Anyways, I usually try to keep my desktop (er, the software desktop not the physical computer) as free from icons as possible and my taskbar only has a few important programs pinned. I am one of those crazy people that has a bunch of chrome windows, netflix (or more recently WMC TV), Focus Writer, ect open and spread out over the desktop :P Having the start menu in the screen lets me glance over at it or usually I dont even have to look at it as I know what the first search result will be and can just win key->type->enter and it opens heh. I just don't see the point of having to go out of the desktop to metro, and back out even if it is for a split second why take up the whole screen? I guess I could use that explorer search you mentioned to keep me from having to go the roundabout through Metro land.

I don't know, I just prefer how things are now, I understand why some people like the Metro improvements (the mail app is pretty nice btw) but the full screen experience is just not for me at this time :). I defended myself over at tested in saying that the operating system should ideally be invisible and adapt to the user, not the other way around, and I still think that. Seriously if Metro works for you and improves your experience, that's awesome and be sure to give them as much feedback as possible to make it even moreso, but I still have some concerns about it before I'm sold on it working to help me, well, work :). I'll keep on testing periodically and dipping my toes in the Metro pool to see if the water is warm enough for me lol.

heh, by all means post away man :) I tend to ramble and have long posts as well. If only the ExtremeTech forums were still live... I had some mini novels over there! :D

March 6, 2012 | 06:37 AM - Posted by Tim Verry

EDIT: Hmm, do you know of any way to get the cursor to automatically be in the search box of explorer when i open it with Win+4 (where my explorer icon is)? If I can get it to do that, that would mostly solve the issue of quick searches :).

PS. Not sure if I mentioned it in the article, but I do love the new task manager, file copy stuff, and so far I have been getting network file transfer speeds that are much, much faster than Win 7 to Win 7 using the same hardware! I have to give MS props for that!!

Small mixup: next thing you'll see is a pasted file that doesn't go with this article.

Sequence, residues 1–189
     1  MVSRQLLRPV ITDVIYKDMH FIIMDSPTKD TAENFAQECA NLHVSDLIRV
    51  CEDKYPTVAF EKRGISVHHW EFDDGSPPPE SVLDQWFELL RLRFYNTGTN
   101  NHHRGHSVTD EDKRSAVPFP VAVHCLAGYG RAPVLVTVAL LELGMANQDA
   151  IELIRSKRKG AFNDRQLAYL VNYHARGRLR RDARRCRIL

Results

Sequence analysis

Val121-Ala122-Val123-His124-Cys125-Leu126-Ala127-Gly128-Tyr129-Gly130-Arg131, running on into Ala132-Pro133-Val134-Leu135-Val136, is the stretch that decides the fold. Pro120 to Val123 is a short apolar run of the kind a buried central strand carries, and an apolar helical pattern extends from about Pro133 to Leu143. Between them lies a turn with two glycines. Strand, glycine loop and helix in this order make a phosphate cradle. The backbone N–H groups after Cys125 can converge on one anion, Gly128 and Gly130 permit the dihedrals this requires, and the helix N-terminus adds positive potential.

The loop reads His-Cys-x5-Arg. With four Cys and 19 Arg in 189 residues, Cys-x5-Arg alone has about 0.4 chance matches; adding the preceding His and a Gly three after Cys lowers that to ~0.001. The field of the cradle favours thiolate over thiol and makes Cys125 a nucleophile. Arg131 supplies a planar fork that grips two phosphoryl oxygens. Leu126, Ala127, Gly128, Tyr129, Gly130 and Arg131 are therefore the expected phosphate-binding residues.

Usually when I do big file transfers over Wifi (G only though I do have a new router coming that has N, a long overdue upgrade!), I usually get about 1 MB/s avg speeds which is really slow, but after installing Win 8 on the laptop, I happened to transfer a movie from the laptop the desktop and saw it shoot up to 8 MB/s, avg'd about 6-7 MB/s which was a big surprise! Dunno if it was just a fluke but I hope not :D

March 4, 2012 | 06:15 PM - Posted by Veer (not verified)

WTF VM :D

Oh the side by side metro app functionality won't work in VB, because it only works at 16:9 resolutions. VB even with VB extras installed only allows for 4:3 aspect ratios.

Sad but true.

Turn off pointer integration, it makes mousing into the corners easier, if not you just end up going outside the VM and onto your desktop. It gets very frustrating.

New tip, Windows Key + Print Screen, takes a snapshot of your desktop and saves it to the picture folder automatically, nifty eh?

March 5, 2012 | 03:10 AM - Posted by Tim Verry

Really, that printscreen shortcut will be pretty nifty! :) Yeah, they have a minimum 1366x768 resolution to do the 2/3 and 1/3 metro apps, which will be hard to get in a VM.

March 4, 2012 | 10:55 PM - Posted by rajorman

never like the interface the w8, I slapped on a Elitebook 2560P decked out and it was some of the worst UI experienced. Most of the power user experience is gone with windows 8, after 4 hours of fiddling around with it I re-formatted and put my W7 pro 64bit back on.

I think windows 8 is more aimed at "grandma / Grandpa " that dont really know there way around a computer but can easily use the big pretty tiles to help them out.

good try M$ but no cigar ;)

March 5, 2012 | 01:08 AM - Posted by Tim Verry

hehe, I can't say that I blame you ;)

I think grandma and grandpa are going to take one look at Win 8 and ask me wtf that is and where did their Windows, email, and internet go LOL

March 6, 2012 | 06:14 AM - Posted by Varunn Pandya (not verified)

After I agree to the terms and conditions window and the select the custom install option, t doesnt detect any device drivers. How should i solve that problem?